blazorthonWhat is with you people? You're all being just stupid. Intel already has CPUs with more than four cores. They'd need much larger CPUs and sockets if they were going to put in six or more cores and that'd be stupid because, again, this stuff is just the lower end Xeons. Mid-ranged Xeons will be up to six or eight cores, maybe ten for Haswell. High-end Xeons will probably be at fifteen to twenty cores. Stop trolling.

    it is not a troll, low end xeons in 2013-15 (these will be around for years) should not be limited to 4 cores. integrated graphics have no place on a workstation cpu, and servers need more not fewer cores.
  • -1 Hide
    tadej petric , March 27, 2013 6:34 AM
    Good for low end servers.
    But why they arent making 5 core chips and fill that space with (i dont know, maybe) more cache? No really. Im not some rocket scientist so explain why not.
  • -1 Hide
    dealcorn , March 27, 2013 7:37 AM
    Chill out. Xeon Avoton is due prior to year end with 8 cores (16 if you count hyperthreading). They will not be Intel's penultimate power cores, but from an efficiency perspective they should blow away anything Intel has done before. For low end server chips, game time begin with Avoton at 22 nm.

    Currently, Intel Xeons substantively dominate every price point at which they compete in the server space. Avoton brings competition to a lower price point and provides Xeon with a platform to dominate the micro server space if they do it right. It is based on a sorta new core design that is not all vclogged up with accumulated pixie dust and crusted up hype.

  • 1 Hide
    blazorthon , March 27, 2013 8:19 AM
    Quote:
    blazorthonWhat is with you people? You're all being just stupid. Intel already has CPUs with more than four cores. They'd need much larger CPUs and sockets if they were going to put in six or more cores and that'd be stupid because, again, this stuff is just the lower end Xeons. Mid-ranged Xeons will be up to six or eight cores, maybe ten for Haswell. High-end Xeons will probably be at fifteen to twenty cores. Stop trolling.

    it is not a troll, low end xeons in 2013-15 (these will be around for years) should not be limited to 4 cores. integrated graphics have no place on a workstation cpu, and servers need more not fewer cores.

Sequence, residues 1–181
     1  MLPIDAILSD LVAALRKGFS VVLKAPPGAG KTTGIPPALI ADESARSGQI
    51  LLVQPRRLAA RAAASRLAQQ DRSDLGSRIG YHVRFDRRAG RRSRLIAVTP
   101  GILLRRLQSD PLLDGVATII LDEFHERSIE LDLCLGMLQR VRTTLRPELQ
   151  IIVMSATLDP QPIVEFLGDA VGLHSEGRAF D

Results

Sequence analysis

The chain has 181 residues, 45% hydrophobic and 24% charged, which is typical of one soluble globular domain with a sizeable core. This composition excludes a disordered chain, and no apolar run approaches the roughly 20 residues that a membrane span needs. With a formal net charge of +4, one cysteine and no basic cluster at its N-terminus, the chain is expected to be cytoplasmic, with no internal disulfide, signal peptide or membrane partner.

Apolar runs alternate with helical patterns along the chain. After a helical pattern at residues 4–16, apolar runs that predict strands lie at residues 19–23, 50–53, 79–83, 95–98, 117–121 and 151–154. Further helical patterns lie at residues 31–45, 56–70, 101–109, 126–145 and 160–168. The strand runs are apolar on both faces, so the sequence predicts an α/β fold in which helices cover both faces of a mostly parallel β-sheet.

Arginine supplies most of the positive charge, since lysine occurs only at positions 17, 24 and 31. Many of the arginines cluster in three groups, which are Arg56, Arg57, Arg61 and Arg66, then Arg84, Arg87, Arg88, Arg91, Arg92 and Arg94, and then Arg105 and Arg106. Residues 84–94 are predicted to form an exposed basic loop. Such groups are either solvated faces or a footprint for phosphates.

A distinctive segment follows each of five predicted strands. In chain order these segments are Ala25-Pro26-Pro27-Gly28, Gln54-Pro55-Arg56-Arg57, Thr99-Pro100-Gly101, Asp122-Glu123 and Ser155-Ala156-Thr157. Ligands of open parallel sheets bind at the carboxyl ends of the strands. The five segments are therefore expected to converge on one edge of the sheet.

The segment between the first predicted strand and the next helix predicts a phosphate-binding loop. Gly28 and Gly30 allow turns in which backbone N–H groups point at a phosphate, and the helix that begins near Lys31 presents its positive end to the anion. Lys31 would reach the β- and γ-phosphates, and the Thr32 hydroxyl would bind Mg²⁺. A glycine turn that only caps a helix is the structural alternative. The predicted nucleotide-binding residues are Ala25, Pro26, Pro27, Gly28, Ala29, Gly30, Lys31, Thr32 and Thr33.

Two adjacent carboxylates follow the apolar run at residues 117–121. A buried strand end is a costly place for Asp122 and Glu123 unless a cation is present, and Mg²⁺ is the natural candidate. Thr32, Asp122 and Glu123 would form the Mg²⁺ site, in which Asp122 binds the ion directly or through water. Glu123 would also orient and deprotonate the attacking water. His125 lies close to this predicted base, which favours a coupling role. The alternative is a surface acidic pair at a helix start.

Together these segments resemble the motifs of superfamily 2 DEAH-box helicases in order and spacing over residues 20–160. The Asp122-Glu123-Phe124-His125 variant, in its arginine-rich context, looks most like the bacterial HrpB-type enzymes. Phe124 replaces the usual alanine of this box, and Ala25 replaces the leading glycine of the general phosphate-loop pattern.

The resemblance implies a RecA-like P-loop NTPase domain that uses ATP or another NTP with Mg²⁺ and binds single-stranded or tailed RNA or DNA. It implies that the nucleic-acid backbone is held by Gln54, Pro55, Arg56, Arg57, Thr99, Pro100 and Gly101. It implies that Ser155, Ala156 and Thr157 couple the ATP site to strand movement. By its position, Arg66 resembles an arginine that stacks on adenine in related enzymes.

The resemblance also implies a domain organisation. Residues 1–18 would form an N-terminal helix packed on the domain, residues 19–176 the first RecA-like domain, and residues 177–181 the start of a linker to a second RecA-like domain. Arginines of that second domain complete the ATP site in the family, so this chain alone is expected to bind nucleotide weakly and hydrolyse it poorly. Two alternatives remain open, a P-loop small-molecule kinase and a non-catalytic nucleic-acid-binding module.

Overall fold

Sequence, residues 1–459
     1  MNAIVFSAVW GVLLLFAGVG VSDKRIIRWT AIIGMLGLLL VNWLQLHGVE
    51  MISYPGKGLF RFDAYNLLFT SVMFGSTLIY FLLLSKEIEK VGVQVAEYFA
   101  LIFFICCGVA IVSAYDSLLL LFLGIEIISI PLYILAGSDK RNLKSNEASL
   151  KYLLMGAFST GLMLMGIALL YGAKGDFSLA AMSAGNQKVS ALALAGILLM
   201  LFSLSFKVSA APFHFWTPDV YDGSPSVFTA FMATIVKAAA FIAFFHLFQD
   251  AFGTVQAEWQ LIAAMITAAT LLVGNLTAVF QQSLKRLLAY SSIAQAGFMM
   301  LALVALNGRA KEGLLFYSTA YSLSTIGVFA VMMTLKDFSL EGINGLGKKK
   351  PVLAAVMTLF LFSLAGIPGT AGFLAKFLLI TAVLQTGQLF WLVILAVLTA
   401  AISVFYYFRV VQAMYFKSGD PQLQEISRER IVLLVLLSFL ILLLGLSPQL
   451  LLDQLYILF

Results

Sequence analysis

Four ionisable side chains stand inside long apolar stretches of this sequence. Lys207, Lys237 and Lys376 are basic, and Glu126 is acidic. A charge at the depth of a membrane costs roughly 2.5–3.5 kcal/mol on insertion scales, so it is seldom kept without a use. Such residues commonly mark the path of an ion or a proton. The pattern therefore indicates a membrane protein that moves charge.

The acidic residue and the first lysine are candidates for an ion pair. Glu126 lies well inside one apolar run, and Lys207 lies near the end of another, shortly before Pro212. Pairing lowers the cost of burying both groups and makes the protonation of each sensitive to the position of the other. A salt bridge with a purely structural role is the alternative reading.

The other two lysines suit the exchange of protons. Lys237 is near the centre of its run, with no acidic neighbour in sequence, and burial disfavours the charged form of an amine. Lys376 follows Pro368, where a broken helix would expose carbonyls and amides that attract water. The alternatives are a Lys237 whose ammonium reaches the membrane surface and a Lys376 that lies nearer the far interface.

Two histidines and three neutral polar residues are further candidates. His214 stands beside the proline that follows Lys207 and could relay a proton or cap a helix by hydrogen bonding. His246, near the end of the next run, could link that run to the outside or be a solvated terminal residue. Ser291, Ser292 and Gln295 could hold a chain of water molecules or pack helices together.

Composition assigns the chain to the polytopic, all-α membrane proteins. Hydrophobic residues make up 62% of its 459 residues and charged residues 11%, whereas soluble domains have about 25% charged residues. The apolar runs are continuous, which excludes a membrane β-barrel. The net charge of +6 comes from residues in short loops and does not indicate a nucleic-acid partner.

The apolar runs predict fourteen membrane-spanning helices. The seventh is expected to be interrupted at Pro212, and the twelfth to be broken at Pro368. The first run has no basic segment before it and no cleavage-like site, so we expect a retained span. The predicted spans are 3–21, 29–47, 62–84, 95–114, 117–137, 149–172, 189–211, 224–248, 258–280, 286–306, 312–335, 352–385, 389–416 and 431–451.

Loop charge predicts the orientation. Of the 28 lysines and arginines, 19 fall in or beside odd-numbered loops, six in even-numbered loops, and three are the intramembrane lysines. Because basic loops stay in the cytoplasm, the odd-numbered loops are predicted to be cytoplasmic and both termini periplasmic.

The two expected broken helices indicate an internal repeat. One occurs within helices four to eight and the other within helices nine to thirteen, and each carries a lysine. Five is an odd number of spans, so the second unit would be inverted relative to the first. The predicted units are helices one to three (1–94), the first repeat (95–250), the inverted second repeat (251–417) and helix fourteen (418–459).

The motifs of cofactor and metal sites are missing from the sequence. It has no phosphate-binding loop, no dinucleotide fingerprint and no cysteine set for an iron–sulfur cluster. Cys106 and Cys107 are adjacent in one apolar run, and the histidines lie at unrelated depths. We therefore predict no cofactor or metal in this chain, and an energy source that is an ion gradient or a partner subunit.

It is being a troll. Any server that needs more cores won't be using these CPUs because they have nothing to do with them. You're mocking a product for not catering to a market that other products are intended for and that's totally nonsensical.

    Low-end Xeons must be limited to four cores if they're to use the LGA 1150 interface. They'd need a larger socket or at least a larger die or smaller process node to deal with a higher core count which would increase transistor count both from the cores and the necessary extra cache for the extra cores. That's what the LGA 2011's replacement will probably be for along with the quad/octa-socket replacement.

    Furthermore, even if most do need a discrete graphics card for one reason or another, any workstation or such that doesn't need a discrete graphics card is better off with integrated graphics. That's why only a few of these Xeons have it. There is perfectly good reason for that.
  • 1 Hide
    MrKKBB , March 27, 2013 11:24 AM
    Why do I have a Xeon rather than i7? Because I need ECC with 64 GB RAM and running codes for a day or so. The E3 are cost effective and good motherboard support with multiple PCIe x16 slots for consumer end GPUs (e.g. cheap CUDA support for MATLAB). A jump to E5 is costly and limits number of PCIe x16 slots.

    If they can cram 6 cores into and i7 why not into E3s? Or is it that the on chip ECC memory controler takes up 2-core space in this socket form?
  • 1 Hide
    blazorthon , March 27, 2013 11:39 AM
    Quote:
    Why do I have a Xeon rather than i7? Because I need ECC with 64 GB RAM and running codes for a day or so. The E3 are cost effective and good motherboard support with multiple PCIe x16 slots for consumer end GPUs (e.g. cheap CUDA support for MATLAB). A jump to E5 is costly and limits number of PCIe x16 slots.

    If they can cram 6 cores into and i7 why not into E3s? Or is it that the on chip ECC memory controler takes up 2-core space in this socket form?


    The i7s with 6 cores are basically the E5s. They don't cram six cores into the LGA 1156/1155/1150 i7s, they did that for the LGA 1366/2011/whatever comes next (well, LGA 2011 had up to eight cores and apparently its successor is up to ten, but you get the point).

    Don't forget that LGA 1150 is already cramming in more than LGA 1155 had in the CPU die such as VRM. There's probably not a whole lot of extra room.

    The ECC memory controller shouldn't take up much more room, if any, than the regular 64 bit controllers. They might even be the same, just with some switch built in to stop the consumer parts from accessing that feature.